Twenty-five years later, as one of three professors from Azusa Pacific University tasked with exploring possibilities for joint programs with universities in Viet Nam, I traversed some of the same territories I had seen as a soldier. Old revetments for sheltering military aircraft still clustered along parts of the taxiways at Ho Chi Minh City’s Tan Son Nhut Airport, but gone were the sprawling military encampments along Highway 1, and while still numerous fishponds and duck ponds in rural regions were repurposed bomb craters, as of 1996, Viet Namese society had grown considerably beyond the catastrophes of war. More than 75% of the population had been born since the end of the war.

     Right after reunification of Viet Nam under the Hanoi government in 1975, very strict controls had been imposed on religious organizations for a number of years. Buddhist monasteries that were not shut down were, in some cases authorized to operate with one or a few elderly monks or nuns on site, with one or a few young novices, but the elders could have the young only help with daily chores and upkeep of facilities: religious doctrines and practices could not be taught. Catholic and Protestant seminaries were closed. Bibles and Christian literature were confiscated and, occasionally, burned in the streets. Many churches were closed entirely. Many clergy joined the exodus of refugees to other countries.

     During my 1996 visit, our group worshiped one Sunday morning with a congregation in Da Nang. The pastor preached a gospel sermon, but from a pulpit literally fenced off from the congregation. Youth who sang, and lay people who made announcements or who read scripture, faced the congregation from the front, but on the people’s side of the small picket fence. Only the pastor was authorized to speak from the pulpit. The sermon for the week had been submitted for approval by Public Security two weeks before. A visitor from the USA few months before had stood up in his pew to greet the congregation, but spoke for nearly ten minutes. He had ended up in jail for “unauthorized religious activity.”

     Still, in 1996, the pastor of that congregation was very grateful to God and to the government for the then-recent blessing of a shipment of 100,000 bibles printed in Ho Chi Minh City for Protestant churches in Central Viet Nam. In the post-service fellowship hour, he spoke of parishioners who had shared hand-written verses and chapters of scripture during the years of suppression, and he told of a pending agreement with the government for another printing of 1000,000 bibles to be shared with the Catholic diocese for the Da Nang area.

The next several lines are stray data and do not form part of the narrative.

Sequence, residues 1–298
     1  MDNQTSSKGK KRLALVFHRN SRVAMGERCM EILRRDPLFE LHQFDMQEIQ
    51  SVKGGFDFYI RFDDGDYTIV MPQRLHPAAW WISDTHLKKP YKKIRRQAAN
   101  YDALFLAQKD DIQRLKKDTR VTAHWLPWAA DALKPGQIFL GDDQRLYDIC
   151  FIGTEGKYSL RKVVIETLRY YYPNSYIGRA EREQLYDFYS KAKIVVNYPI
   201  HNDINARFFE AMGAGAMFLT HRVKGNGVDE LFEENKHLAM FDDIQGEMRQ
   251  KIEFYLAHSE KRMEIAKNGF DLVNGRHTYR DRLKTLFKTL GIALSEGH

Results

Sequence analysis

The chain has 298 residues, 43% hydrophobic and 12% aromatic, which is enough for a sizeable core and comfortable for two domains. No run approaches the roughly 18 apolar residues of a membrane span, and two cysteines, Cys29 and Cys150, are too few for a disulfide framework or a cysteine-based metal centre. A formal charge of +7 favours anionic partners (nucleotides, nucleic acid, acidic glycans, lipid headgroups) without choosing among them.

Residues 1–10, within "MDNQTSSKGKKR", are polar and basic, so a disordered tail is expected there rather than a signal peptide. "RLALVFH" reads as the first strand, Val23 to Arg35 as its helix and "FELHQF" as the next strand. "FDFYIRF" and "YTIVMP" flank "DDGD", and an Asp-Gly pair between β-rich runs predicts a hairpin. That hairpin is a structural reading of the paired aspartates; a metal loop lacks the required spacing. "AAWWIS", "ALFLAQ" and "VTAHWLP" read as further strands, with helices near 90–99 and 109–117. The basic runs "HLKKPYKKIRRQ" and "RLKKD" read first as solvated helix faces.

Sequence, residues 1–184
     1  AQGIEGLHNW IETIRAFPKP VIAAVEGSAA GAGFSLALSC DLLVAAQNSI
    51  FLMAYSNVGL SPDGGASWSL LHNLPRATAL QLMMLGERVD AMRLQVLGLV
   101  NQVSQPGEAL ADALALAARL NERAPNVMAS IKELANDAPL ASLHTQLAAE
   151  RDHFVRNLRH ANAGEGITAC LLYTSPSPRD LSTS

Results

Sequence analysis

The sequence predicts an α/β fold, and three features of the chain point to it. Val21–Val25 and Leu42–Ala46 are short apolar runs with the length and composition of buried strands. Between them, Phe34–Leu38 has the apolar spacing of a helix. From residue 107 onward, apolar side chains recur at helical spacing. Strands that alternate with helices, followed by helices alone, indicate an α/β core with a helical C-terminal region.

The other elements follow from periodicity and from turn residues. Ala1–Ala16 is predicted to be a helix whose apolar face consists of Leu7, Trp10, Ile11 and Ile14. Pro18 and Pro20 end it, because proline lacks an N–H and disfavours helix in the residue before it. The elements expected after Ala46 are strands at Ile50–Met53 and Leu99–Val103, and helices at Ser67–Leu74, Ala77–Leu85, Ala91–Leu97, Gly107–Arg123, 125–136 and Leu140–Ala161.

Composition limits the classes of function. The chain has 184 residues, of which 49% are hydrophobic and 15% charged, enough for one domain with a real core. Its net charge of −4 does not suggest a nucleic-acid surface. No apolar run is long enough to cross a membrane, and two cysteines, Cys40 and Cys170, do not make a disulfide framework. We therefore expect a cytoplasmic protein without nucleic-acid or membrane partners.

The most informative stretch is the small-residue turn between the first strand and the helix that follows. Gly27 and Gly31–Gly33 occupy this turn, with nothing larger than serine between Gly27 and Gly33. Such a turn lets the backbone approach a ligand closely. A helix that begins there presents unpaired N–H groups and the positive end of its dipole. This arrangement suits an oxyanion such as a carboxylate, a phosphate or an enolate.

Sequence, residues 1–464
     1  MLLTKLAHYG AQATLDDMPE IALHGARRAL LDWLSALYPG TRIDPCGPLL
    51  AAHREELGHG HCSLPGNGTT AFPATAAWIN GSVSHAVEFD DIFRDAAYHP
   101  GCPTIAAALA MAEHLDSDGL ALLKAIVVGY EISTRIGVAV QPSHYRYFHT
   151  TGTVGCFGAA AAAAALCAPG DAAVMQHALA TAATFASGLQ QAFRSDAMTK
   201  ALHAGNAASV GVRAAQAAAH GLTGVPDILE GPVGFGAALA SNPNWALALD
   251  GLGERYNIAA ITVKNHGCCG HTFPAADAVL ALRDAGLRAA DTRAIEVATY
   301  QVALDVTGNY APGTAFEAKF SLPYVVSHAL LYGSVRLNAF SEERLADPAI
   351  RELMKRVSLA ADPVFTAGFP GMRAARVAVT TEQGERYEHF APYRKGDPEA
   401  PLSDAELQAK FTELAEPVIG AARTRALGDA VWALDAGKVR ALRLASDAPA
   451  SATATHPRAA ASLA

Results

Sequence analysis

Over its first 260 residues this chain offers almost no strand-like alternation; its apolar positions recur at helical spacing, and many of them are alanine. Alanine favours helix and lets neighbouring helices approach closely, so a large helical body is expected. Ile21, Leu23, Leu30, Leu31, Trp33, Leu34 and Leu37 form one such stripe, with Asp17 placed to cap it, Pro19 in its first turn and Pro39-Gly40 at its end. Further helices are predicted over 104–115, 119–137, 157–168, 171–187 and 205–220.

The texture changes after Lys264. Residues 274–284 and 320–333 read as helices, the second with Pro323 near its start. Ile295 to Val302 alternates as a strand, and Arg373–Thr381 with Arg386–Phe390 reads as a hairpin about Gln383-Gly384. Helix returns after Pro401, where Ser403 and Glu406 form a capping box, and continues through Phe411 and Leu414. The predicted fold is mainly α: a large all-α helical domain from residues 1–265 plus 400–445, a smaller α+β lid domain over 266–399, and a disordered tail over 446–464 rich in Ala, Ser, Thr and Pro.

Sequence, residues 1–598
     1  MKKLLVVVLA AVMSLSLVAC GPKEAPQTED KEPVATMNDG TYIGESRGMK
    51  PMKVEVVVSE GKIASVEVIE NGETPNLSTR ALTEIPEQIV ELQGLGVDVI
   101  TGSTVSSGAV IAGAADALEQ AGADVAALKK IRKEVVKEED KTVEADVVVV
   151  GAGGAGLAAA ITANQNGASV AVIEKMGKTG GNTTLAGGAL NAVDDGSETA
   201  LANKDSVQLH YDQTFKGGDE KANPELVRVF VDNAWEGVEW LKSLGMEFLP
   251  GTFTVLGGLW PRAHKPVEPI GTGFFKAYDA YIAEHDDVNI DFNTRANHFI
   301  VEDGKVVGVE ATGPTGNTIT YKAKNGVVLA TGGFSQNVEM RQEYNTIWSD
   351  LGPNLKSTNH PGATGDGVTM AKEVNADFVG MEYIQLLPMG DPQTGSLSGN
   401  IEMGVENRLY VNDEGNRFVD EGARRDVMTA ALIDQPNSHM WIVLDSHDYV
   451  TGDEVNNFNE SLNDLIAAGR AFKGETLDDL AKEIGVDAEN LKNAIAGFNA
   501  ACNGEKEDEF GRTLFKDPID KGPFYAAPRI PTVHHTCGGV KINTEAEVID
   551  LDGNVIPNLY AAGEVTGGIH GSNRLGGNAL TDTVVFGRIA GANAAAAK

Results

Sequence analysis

Again, in 2007, I was privileged to visit Da Nang, to see its expanding commercial and residential developments, the vitality of its people. Again, I was privileged to worship with a Viet Namese congregation – this time, in a large, very new facility, with no barriers between the pulpit and the congregation, and with parishioners happily conducting Sunday School classes and evening bible studies for young and old – no barriers to passing the Gospel to the children.

     As years pass, policy changes have brought more possibilities for aid agencies such as ECF International to assist local churches and government bureaus in meeting education, health and development needs of people in Viet Nam. Currently, ECF has funded three scholarships for English language students and a seminarian. Prayerfully, we look to God for guidance in selecting additional projects in Viet Nam, grateful for the insights and experience of Mr. Hai Huynh, our ECF field representative in Da Nang. And even in times of great economic turmoil, we look for the donations needed for funding additional projects for the good of God’s Kingdom. As God brings concerns for renewal in Viet Nam to your heart, pray daily, and direct any contributions to the ECF office in Monterey Park

Hangzhou, China

     Six language teachers from the U.S. and U.K. were sent to Hangzhou in July to offer intensive trainings in Western Teaching Methodology and English Conversation. At the Closing Ceremony, Rev. Eddie Chan, ECF co-worker in Hong Kong/Macau, presented 10,000 yuan (US$1,500.00 ) on behalf of ECF to the co-organizer of the Teaching Program, the Hangzhou Y.W.C.A., for the purchase of a copying machine for better reproduction of teaching materials for future classes.

Sihui, China

     Rev. Eddie Chan, Superintendent Un-tap Ieong, staff and children of the ECF Macau Orphanage went to Sihui in August for a mission trip to witness the baptism of 90 new believers. Mr. Lee, leader of the Sihui Christian Church, shared with the congregation the love gift of 10,000 yuan (US$1,500.00 ) from ECF President, Dr. Paul Szeto, for the purchase of a projector for worship services. The congregation was encouraged and uplifted.